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A Catalogue of the Shaw-Hellier Collection in the Music Library, Barber Institute of Fine Arts, The University of Birmingham (review)

From: Notes
Volume 57, Number 3, March 2001
pp. 610-611 | 10.1353/not.2001.0030

In lieu of an abstract, here is a brief excerpt of the content:

Notes 57.3 (2001) 610-611

Book Review

A Catalogue of the Shaw-Hellier Collection in the Music Library,
Barber Institute of Fine Arts, The University of Birmingham

A Catalogue of the Shaw-Hellier Collection in the Music Library, Barber Institute of Fine Arts, The University of Birmingham. Compiled by Ian Ledsham. Aldershot, Hants: Ashgate, 1999. [xxx, 385 p. ISBN 1-85928-386-1. £52.50.]

In this era of gargantuan bibliographical databases and instant information provision, how comforting it is to be reminded of Shiyali Ramamvita Ranganathan's law that books are for use. The uses that readers make of books is widely acknowledged as a cornerstone of liberty and personal fulfillment, though the specifics of use are little understood. Far from being a vanity publication for the present owner of the collection (now, typically, a public institution), the catalog of an individual's collection allows us a glimpse into the thoughts and activities of our predecessors, while accomplishing the more prosaic goal of bibliographic control.

Sir Samuel Hellier (1738-1784) was the last of his family to reside at the estate of Wombourne Wodehouse, Worcestershire, some four miles from Wolverhampton, then in the county of Stafford. Educated at Exeter College, Oxford, Hellier devoted his life to the management of his estate, the enjoyment of music, and the encouragement of music performance and appreciation among his estate employees, local villagers, and those living elsewhere in the midlands. John Rogers, the agent in charge of his estate, was responsible for ensuring that the workers received the instruments, music, and training necessary for them to bring off performances of festival Te Deums (by Henry Purcell or George Frideric Handel) and even Messiah. Doubtless, Rogers hired staff on the basis of "gardener wanted, tenor preferred." Perhaps it is he who prepared the serpent fingering manuscript (item 623). The 165 letters between Hellier and Rogers dating from 1763 to 1784 provide vivid details concerning the supply of music and instruments, the musical suitability of employees, and Hellier's enthusiasm. (Passages are transcribed in Percy Young, "The Shaw-Hellier Collection," in Handel Collections and Their History, ed. Terence Best [Oxford: Clarendon Press, 1993], 158-70).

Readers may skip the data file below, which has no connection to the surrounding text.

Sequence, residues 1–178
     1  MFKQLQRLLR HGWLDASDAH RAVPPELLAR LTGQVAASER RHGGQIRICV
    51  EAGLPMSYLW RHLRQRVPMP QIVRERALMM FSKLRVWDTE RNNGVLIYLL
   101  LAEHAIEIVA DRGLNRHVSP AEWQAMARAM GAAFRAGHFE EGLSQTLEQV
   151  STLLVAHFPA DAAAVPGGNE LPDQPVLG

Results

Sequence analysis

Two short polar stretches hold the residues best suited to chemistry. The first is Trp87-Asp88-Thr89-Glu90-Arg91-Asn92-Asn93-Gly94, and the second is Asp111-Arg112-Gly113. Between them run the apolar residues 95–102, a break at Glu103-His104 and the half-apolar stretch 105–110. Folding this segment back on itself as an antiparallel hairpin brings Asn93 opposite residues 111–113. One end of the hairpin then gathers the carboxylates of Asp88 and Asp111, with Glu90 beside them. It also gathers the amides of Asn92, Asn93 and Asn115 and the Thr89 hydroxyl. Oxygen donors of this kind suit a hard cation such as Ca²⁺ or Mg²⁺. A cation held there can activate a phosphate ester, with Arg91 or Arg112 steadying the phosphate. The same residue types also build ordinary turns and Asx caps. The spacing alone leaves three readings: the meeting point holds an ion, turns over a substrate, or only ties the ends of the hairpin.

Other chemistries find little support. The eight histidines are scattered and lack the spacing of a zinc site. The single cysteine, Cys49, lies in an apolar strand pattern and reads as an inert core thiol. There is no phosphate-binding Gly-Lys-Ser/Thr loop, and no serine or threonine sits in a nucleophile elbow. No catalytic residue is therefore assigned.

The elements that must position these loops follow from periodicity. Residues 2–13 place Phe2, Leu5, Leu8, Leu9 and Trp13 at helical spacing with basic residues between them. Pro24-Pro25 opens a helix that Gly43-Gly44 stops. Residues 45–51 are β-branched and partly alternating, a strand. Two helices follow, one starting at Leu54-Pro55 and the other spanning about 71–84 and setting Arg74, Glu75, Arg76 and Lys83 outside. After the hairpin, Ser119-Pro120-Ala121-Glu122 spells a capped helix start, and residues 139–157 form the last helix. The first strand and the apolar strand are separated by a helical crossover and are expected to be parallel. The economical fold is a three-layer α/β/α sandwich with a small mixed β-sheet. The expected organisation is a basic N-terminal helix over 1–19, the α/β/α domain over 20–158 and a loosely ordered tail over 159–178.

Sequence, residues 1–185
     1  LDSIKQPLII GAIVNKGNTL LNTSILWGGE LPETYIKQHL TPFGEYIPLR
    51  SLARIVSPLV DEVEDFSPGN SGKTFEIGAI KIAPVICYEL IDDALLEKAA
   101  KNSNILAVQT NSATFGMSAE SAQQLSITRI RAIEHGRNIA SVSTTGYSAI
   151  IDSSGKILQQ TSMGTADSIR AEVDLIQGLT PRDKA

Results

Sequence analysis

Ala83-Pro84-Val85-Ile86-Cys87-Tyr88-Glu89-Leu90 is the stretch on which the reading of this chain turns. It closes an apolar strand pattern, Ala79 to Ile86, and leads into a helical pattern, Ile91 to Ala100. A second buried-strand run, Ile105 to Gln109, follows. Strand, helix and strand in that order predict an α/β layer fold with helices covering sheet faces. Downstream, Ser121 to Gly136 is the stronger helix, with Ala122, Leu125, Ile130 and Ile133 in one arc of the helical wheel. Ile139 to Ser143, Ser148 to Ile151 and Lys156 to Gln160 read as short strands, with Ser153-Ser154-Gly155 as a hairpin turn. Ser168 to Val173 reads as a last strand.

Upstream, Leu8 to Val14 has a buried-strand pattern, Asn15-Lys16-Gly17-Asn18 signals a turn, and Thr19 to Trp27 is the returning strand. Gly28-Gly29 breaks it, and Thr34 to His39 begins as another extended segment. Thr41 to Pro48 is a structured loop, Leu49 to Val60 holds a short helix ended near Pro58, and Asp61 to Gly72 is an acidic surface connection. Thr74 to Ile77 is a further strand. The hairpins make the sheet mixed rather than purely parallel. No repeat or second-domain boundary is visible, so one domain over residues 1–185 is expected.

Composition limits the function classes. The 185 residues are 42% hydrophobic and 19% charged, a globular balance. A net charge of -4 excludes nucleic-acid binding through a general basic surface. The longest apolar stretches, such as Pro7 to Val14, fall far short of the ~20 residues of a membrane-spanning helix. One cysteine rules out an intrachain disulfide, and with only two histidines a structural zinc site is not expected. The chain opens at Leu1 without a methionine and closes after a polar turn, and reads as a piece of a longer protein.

Ian Ledsham has provided a thorough list of the collection's 860 items (as he numbers them), both printed and manuscript, now housed at the music library in the Barber Institute of Fine Arts at the University of Birmingham. Not all the items derive directly from Hellier's collecting. Number 272 is a manuscript book of exercises and basic music theory that belonged to his father and is dated 1719. There are nineteenth- and even early-twentieth-century items, thanks to additions made by Colonel Thomas Shaw-Hellier, who was Commandant of the Royal Military School of Music at Kneller Hall from 1887 to 1892. Among these are manuscripts of military-band arrangements made around 1840 by Hermann Eckersberg, the bandmaster of the Fourth Royal Irish Dragoon Guards, and what may be a unique copy of The Young Drummers Assistant (London: Longman and Broderip, [178-?]), item 610.

Each entry provides a transcription of title-page information (unnecessarily, in a catalog such as this, marking line endings and distinguishing between upper- and lowercase letters) and a list of contents. Ledsham also gives a uniform title, information on provenance, and selected bibliographic references. Surprisingly, he does not include any references to Nicholas Temperley's list of church-music publications in The Music of the English Parish Church (2 vols. [Cambridge: Cambridge University Press, 1979]), now updated by Temperley's The Hymn Tune Index: A Census of English-Language Hymn Tunes in Printed Sources from 1535 to 1820 (4 vols. [New York: Oxford University Press, 1998]), even though Hellier subscribed to or purchased half a dozen such publications. For works that Ledsham has not identified, and for some that are apparently uniquely represented in the collection, he provides music incipits. The extensive array of indexes includes one for the incipits, with the notes translated into letters.

Hellier was a Handel devotee, going so far as to erect a monumental grotto to the composer on the grounds of his estate, and he collected manuscripts from J. C. Smith (Handel's principal copyist) and...



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